It is the nature of men and women to search for answers. The question that surfaces quickly here is ‘why would we wonder about things’ if it is not the natural order of our minds? If it were not natural to seek all the answers, it would be required that we learn this attribute. But we don’t teach our children to wonder, and we were not taught to wonder at an instinctual level. We do so because wonder occurs naturally.
Watch a child stare at a rainbow, and if you can’t explain it, you might want to run hide, because they will ask you all about the rainbow. In the question of that child we find naturally occurring wonder, a wonder that remains all of our lives.
But we change the aim of our wonder as adults. We wonder about the things I wrote about in my last post. My central point in the post was that we should never stop wondering and searching. If we stop searching and wondering and we say “it doesn’t matter’ we close the door to investigation and thought itself. In many cases perhaps we simply consider the work too rigorous.
So we stare solemnly at the reality of children dying before their time or madmen with guns angrily shooting down the innocent. We label the gunman insane, wonder no more, and move along like cattle to a barn, back into our warm stable of contentment, though still quite frightened by insane men in black trench coats. Maybe it will always be someone else gunned down; not me or mine.
I believe our world is composed of the Creator’s natural order. It is an order that responds to only good and knows no evil. Yes, I do believe this. And when I talk with others about this they always fire back, “But Seven, evil is all around you.”
I know this fact about evil too well. Should we blame evil and injustice on the Creator and his plan? If we accept this notion we are acknowledging a less than perfect God and a life filled with landmines for all generations that might come after us.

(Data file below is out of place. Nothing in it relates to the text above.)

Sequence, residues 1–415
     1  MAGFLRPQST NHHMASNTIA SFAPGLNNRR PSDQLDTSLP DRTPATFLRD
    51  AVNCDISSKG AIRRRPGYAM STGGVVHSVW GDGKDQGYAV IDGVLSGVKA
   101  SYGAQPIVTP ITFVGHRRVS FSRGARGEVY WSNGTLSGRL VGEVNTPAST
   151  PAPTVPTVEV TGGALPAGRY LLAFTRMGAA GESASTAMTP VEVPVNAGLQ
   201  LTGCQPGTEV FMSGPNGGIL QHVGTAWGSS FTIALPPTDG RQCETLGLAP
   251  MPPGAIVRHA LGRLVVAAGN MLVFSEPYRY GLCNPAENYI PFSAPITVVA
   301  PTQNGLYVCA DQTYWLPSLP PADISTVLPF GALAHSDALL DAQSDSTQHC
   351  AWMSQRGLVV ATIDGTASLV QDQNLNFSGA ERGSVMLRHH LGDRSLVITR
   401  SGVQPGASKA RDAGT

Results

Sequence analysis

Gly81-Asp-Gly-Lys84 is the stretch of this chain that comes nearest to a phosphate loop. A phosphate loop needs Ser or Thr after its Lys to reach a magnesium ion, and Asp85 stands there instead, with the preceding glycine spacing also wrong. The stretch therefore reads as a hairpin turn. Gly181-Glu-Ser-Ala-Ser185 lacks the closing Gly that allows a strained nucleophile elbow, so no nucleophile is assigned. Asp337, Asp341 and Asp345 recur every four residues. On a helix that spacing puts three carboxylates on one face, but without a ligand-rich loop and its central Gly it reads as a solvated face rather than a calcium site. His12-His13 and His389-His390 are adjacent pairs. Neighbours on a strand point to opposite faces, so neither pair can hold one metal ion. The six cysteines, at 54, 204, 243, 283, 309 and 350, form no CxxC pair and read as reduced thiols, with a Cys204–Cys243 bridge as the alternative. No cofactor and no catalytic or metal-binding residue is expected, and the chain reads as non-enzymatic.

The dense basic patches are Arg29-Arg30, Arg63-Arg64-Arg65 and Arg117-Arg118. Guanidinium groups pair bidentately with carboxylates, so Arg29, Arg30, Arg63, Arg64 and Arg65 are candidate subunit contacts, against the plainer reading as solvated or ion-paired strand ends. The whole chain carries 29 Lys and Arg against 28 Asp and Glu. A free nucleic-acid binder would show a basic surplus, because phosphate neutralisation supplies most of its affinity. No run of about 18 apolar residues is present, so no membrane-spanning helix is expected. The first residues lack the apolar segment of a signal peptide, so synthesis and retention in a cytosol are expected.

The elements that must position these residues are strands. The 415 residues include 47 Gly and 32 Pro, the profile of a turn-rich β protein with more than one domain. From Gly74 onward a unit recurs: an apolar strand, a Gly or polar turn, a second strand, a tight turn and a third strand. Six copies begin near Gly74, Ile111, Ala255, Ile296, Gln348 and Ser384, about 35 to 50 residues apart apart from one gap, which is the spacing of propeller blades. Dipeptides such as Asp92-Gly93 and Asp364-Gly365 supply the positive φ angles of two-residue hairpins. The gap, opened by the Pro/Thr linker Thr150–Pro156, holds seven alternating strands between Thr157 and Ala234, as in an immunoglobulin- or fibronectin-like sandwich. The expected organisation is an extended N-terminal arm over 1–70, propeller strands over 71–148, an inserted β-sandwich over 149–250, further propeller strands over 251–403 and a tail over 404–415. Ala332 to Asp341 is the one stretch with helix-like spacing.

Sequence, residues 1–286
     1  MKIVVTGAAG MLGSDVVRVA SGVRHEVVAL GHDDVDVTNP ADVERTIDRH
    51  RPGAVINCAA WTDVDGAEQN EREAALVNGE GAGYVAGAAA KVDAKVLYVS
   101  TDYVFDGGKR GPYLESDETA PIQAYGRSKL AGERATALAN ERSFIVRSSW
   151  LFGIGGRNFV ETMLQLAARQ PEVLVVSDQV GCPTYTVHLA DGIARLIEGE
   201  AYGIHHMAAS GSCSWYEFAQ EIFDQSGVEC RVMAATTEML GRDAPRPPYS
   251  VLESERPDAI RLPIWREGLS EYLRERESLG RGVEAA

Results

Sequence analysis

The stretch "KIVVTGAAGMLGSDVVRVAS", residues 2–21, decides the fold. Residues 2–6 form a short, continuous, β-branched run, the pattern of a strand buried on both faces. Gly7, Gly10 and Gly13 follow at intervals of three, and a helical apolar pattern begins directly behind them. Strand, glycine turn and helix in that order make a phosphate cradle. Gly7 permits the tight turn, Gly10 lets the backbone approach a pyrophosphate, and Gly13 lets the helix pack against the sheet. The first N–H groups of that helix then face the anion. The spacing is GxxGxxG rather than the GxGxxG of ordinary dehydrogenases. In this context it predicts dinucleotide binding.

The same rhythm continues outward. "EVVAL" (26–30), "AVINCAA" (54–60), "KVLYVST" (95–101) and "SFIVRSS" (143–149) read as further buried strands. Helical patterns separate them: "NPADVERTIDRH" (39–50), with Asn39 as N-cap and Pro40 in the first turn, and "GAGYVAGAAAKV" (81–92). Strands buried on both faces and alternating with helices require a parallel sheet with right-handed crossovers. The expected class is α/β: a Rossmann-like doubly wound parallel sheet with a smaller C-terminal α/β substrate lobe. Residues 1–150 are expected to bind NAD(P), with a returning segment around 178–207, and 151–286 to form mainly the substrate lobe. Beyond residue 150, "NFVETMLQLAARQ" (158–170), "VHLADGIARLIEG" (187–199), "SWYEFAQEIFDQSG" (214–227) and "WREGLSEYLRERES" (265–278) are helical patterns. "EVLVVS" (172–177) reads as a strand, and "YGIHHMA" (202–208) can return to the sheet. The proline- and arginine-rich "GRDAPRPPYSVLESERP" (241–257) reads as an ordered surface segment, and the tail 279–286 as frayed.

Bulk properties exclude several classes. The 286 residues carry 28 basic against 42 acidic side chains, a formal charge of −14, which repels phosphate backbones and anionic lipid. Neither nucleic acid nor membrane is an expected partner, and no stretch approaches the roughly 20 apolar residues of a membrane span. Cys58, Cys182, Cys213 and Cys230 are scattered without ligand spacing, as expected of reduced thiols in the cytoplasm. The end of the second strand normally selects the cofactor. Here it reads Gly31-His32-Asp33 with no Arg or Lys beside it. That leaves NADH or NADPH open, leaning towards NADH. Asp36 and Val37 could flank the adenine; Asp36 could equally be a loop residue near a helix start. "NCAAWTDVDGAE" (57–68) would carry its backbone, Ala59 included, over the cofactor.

If we look at the science of math we see easily enough that a math problem can be worked incorrectly. If we work it incorrectly, is the ‘law of math’ at fault? No, because the law of math is perfect so far as mathematicians can observe. Solving it correctly is the art of correct application of the science. The science of math has no power over how we use it. We can use it correctly or incorrectly; however incorrect answers cannot be blamed on the order or rules of math.
This is much the way I think about the natural law of the Creator. Can we blame God for the children that die early in automobile collisions. We may try to blame God, but the fact is clear that man invented a machine of a few thousand pounds, composed of steel, rubber and glass and sent it propelling down a strip of concrete at high speed, with the child placed inside the machine. Is this the correct working of the problem? The automobile is convenient to our lives and so we convince ourselves that it must be God that has taken our child for reasons unknown to us. It might be too difficult to admit that our invented solution for moving people is not a correct solution in the eyes of natural law. But I think it is always much like this. It is simpler to blame God than to believe our answers are incorrect.
Many die in hurricanes each year, and we wring our hands and wonder why God is so angry with us. Then we vow to reconstruct our homes in the path of hurricanes to come, never questioning if we have worked the equation of natural law correctly. Nature is surely sending us a message that our choice of home location, or perhaps construction quality, is not in accordance with the Creator’s plan?
Inside both of these examples lie fragments of the maps I discussed. These thoughts represent a small part of my tattered and glued together fragments of map; the pieces I keep folded in my pocket. They are maps that point to a natural order that waits to be found, a fleeting yet powerful point of clarity. Creator has given us a natural order, constructed of complex outline, and he/she instructs us to seek IT. We are not only allowed, we are expected to find it, but we must strive and observe. It is an order that has rules and beauty of precision, much like math, filled with good and enormous possibility for personal expansion.
It is our opportunity to look at the equations before us and come to a point where we know the hidden and correct value on the other side of the equation. These will be breakthroughs on a spiritual plane that will be equal to our resolve and intent. We must continue to seek and not blame the Universe, but rather look for the answers in the laws laid before us for inspection.
Then one day we will not say to our children…”it doesn’t matter”…because we will know it always did matter, and only good will walk inside.